Sparks Flew Between Head-Strong Inside-Forwards
This should have been the weekend David Burnside celebrated his 70th birthday by watching Wolves on the star-studded Premier League stage.
Instead, we at Wolves Heroes mark the occasion by giving a further airing to the colourful ways of a man who died suddenly in mid-October. And we concentrate, in particular, on his relationship with Peter Knowles.
In one of four meetings we had with David in preparation for a planned book about his career, he said of his rival inside-forward: “When I first arrived at Wolves in 1966, I took his place, so I had to play well to stay in the side.
“Luckily for me, we set off on a good run almost straightaway but I realised just as quickly that Peter was the fans’ favourite.
“I remember we both played in one match and the crowd chanted for me and chanted for him, one after the other. It was strange to hear.
“Peter was young and brash but intelligent as a footballer, loved by the crowd and at times brilliant.
“I was different – reliable and even boring – because I had been converted and calmed down after having many of the same extravagant ways in my youth at West Brom.
“Knowlesy wasn’t in my circle as I was older but he was mature for his age in some ways and very sincere deep down.
“He obviously found something in him that he didn’t realise he had and I thought what a waste of talent it was when he quit the game. And what a waste it was for football.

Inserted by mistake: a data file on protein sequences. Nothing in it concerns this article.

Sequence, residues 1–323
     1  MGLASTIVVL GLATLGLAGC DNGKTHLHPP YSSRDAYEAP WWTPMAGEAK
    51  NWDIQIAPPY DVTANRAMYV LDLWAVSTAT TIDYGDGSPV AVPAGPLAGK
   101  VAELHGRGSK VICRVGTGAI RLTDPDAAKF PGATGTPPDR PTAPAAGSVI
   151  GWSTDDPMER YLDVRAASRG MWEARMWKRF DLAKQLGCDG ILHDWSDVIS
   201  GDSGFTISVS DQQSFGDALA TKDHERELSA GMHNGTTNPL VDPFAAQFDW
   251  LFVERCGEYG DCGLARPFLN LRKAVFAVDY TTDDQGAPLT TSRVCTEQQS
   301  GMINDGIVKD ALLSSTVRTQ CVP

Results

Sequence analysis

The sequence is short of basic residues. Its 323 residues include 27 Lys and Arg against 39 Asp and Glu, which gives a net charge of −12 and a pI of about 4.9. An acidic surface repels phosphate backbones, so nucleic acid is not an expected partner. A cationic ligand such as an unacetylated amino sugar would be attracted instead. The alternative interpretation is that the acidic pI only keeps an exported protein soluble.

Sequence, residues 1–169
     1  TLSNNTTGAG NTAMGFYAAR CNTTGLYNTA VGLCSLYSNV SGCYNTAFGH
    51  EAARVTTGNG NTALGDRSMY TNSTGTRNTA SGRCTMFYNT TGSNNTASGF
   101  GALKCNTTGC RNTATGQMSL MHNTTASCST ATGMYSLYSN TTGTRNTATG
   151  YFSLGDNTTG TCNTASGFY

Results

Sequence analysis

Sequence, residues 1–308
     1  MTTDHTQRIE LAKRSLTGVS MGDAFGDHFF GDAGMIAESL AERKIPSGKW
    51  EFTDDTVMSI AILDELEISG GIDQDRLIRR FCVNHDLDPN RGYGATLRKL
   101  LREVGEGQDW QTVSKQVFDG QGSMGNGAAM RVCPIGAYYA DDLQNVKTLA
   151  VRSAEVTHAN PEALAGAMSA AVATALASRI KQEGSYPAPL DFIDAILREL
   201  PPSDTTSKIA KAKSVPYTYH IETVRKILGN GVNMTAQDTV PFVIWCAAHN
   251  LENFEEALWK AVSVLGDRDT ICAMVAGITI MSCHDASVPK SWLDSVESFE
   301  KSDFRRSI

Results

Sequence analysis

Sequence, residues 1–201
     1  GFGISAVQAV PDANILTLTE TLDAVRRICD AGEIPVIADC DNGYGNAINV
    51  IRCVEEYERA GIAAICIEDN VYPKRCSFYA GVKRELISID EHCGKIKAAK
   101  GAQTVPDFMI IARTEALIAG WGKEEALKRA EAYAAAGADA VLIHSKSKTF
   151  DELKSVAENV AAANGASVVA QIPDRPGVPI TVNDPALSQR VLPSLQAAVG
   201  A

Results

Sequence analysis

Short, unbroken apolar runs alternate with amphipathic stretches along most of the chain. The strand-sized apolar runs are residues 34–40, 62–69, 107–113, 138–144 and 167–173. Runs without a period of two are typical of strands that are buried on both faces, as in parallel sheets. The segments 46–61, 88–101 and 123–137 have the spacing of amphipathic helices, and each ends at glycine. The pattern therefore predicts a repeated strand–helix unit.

“He was an arrogant Gazza type. If you told him to do something, he would do something else but he would have had to play for England if he’d carried on as he was.
“And I’m sure he would have been one of our better players because he would have improved with more quality around him on the pitch.”
Burnside, for whom tickets had been purchased for Wolves’ game at Manchester United on Tuesday as part of a weekend of surprises, saw Knowles move into the club house at Fordhouses that he vacated when he moved to Plymouth.
And he admitted to us that their relationship did once briefly boil over.
“I lost my temper with him in one game and we had some words as we were waiting for a ball to come over from a free-kick or a corner,” he added.
“I have to admit I hit him while we were jostling for a position but he carried on as if nothing had happened, disappeared to the far post and cracked this shot into the net when the ball reached him. That was him all over!”